Compulsion: Take A Leap Into An Obsessive Compulsive Mind. There’s Spiders.

Compulsion (also known as Compuls1on) is written by Heidi Ayarbe. It was published in 2011 by Balzer + Bray. Ayarbe’s website can be found here.

Genre: Tough Read, Realistic


“Saturday will be the third state soccer championship in a row for Jake Martin. Three. A good number. Prime. With Jake on the field, Carson City High can’t lose because Jake has the magic: a self-created protection generated by his obsession with prime numbers. It’s the magic that has every top soccer university recruiting Jake, the magic that keeps his family safe, and the magic that suppresses his anxiety attacks. But the magic is Jake’s prison, because sustaining it means his compulsions take over nearly every aspect of his life.

Jake’s convinced the magic will be permanent after Saturday, the perfect day, when every prime has converged. Once the game is over, he won’t have to rely on his sister to concoct excuses for his odd rituals. His dad will stop treating him like he is some freak. Maybe he’ll even make a friend other than Luc.

But what if the magic doesn’t stay?

What if the numbers never leave?


Just focus.

I know, though if I can work out the numbers, the numbing pain will go away and I’ll be able to hear what Dad has to say. The world will become clear again. So I turn, slightly, and glance at the time.


Seven forty-three. Seven plus four is eleven minus three is eight plus seven is fifteen minus three is twelve divided by three is four.


Seven forty-four. Seven minus four is three plus four is seven. OK.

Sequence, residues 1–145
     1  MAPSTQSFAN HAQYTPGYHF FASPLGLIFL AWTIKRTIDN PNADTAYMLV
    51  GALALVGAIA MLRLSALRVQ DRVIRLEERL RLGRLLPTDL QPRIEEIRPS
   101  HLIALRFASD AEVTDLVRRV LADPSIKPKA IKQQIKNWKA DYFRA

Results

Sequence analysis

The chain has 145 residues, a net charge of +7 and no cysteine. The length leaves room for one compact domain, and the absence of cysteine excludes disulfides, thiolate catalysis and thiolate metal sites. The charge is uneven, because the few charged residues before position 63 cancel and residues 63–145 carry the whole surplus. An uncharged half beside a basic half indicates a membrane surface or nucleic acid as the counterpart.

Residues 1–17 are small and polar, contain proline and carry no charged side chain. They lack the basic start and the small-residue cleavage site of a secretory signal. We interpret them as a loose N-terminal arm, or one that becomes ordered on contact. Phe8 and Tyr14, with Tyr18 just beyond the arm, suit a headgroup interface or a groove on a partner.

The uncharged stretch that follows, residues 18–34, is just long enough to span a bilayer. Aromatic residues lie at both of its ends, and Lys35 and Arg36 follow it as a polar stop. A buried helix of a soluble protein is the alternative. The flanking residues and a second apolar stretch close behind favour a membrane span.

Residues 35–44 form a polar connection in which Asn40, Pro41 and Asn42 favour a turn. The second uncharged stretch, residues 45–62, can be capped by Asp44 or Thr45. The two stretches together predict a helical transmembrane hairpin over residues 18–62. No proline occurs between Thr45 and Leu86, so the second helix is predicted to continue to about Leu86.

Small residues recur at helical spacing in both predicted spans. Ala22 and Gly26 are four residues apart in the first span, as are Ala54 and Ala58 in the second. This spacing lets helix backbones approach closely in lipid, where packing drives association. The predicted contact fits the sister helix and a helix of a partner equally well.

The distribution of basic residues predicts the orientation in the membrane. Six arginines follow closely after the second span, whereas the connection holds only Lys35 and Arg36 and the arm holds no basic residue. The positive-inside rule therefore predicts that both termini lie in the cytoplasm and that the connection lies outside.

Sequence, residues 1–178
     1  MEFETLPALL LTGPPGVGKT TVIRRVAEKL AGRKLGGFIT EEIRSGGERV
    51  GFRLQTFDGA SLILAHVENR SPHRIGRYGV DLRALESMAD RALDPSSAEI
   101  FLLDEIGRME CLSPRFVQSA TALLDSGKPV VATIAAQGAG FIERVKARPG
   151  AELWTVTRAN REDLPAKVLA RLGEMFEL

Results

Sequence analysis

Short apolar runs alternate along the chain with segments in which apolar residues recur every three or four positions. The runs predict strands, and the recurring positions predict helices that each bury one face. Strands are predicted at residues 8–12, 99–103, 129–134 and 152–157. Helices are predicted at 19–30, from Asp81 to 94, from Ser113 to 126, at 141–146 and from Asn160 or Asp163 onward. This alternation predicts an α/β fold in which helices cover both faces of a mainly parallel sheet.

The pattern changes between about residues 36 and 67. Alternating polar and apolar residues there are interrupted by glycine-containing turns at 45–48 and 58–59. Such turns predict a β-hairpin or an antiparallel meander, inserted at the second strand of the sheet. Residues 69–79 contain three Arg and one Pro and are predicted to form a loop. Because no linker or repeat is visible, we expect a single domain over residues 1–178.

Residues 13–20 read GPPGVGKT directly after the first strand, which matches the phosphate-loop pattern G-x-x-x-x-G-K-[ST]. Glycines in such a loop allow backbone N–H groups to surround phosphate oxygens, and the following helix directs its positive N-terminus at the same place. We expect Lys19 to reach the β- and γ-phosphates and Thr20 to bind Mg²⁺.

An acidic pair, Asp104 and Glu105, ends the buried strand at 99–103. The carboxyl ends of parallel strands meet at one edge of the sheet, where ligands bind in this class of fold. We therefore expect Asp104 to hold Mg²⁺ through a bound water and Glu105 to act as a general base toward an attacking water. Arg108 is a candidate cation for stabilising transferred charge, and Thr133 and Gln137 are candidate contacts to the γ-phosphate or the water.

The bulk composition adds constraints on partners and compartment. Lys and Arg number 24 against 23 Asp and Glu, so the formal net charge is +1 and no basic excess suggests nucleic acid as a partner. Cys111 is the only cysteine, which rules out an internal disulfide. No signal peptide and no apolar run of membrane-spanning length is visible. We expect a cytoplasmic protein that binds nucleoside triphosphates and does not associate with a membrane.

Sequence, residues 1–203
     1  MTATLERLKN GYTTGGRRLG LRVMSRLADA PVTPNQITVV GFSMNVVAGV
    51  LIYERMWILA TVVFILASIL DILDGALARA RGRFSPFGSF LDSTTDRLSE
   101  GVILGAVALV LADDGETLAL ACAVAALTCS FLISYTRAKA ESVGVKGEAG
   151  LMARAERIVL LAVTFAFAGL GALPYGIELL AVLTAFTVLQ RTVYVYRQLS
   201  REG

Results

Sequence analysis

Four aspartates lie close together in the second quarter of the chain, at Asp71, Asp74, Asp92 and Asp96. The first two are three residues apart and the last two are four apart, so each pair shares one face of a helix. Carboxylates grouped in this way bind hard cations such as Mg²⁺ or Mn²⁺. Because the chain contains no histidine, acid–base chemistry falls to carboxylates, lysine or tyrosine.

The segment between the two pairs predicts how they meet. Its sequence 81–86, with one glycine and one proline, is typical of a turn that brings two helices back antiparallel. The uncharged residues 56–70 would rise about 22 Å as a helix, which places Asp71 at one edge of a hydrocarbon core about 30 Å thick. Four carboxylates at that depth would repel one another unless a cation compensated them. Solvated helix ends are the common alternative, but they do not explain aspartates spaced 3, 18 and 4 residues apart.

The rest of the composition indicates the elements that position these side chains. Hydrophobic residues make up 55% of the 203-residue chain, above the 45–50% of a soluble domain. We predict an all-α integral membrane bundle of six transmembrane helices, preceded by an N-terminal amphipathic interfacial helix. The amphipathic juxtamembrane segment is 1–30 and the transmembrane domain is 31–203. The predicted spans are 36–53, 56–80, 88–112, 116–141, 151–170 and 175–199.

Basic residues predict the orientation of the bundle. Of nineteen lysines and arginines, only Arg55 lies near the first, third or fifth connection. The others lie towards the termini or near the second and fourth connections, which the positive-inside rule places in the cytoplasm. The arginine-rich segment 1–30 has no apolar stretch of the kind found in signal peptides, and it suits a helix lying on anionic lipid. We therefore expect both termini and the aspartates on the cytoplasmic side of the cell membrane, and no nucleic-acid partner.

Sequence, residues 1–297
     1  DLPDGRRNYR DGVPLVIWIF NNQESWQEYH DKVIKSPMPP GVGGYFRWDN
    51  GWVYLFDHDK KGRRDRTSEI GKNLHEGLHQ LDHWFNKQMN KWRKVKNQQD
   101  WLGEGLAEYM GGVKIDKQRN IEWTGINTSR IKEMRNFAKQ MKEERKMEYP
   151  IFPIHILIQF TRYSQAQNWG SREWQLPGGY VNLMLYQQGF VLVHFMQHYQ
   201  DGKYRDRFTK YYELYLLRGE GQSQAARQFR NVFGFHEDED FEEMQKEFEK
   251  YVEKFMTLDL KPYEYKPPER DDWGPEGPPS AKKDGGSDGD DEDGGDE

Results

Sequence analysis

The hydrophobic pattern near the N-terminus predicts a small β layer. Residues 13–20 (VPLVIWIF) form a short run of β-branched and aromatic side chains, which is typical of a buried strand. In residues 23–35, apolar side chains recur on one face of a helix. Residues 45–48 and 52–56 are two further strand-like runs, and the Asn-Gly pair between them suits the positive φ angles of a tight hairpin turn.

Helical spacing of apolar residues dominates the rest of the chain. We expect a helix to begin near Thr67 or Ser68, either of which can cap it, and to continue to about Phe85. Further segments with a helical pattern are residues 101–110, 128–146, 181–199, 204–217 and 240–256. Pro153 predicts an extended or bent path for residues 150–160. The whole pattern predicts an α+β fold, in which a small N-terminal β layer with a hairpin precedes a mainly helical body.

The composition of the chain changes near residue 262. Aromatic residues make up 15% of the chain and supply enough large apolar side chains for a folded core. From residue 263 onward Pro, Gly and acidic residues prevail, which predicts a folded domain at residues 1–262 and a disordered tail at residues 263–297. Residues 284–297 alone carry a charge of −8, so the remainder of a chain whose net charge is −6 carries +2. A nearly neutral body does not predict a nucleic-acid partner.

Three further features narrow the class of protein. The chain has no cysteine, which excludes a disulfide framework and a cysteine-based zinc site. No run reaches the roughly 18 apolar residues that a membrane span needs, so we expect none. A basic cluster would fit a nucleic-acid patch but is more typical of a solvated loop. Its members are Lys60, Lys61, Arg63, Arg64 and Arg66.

~Ayarbe 17

“I stare at the numbers on the clock, working them out, making the patterns.

A heavy silence until Jenny Roark talks into the microphone. “Apparently, M&M, the greatest athlete to come out of Carson High, is concentrating? On—” She taps my shoulder. “What are you doing?”

“Winding. My. Watch.” I try to keep my voice steady. Tick-tock, tick-tock.

“Winding his watch,” she says.

Mera squeezes my arm. “Are you okay, Jake?”

Are you okay?

No. I don’t think so.

Wrong answer.”

~Ayarbe 112-113

Cover Art

Warnings: Swearing

Recommended Age Range: 16+

Rating: 3/5

What I Liked:

I read Ayarbe’s Freeze Frame about two summers ago and loved it, but I hadn’t gotten around to reading some of her other books until now. I reviewed Jennifer Brown’s Perfect Escape which was about a girl who had a brother with OCD; Compulsion takes place from the point of view of someone with OCD, and boy, is it a rollercoaster. Don’t read this book if you don’t like to cry when you read; in fact, don’t read Ayarbe because I’m 2 for 2 with her books.

Very intense, very angsty. You can really feel Jake’s confusion and his determination to be normal. The ending was perfect—almost. I wanted more openness with his dad. But I loved the “I don’t think so” as the last line

Not much more I can say—it’s definitely not going to be everyone’s cup of tea. Freeze Frame was more angsty, but this one has its moments. Ayarbe, I will definitely read more books by you.

Handy thing I found about the editorial process for Compulsion.

What I Didn’t Like:

Good gravy, there was a lot of swearing. There was one or more swear words on every single page, it felt like. A lot more than what is usually in the books I read.

The last scene with his dad was a little confusing. I wasn’t quite sure what was going on there. Was it just a moment of comfort between them or what?

Overall Review:

Compulsion dives deep into the head of someone suffering from OCD and tells a story that is stark, gripping, and compelling. Be prepared to cry. A little too much swearing for my tastes, but overall, wonderful.

Coming Up Next: Incarceron by Catherine Fisher

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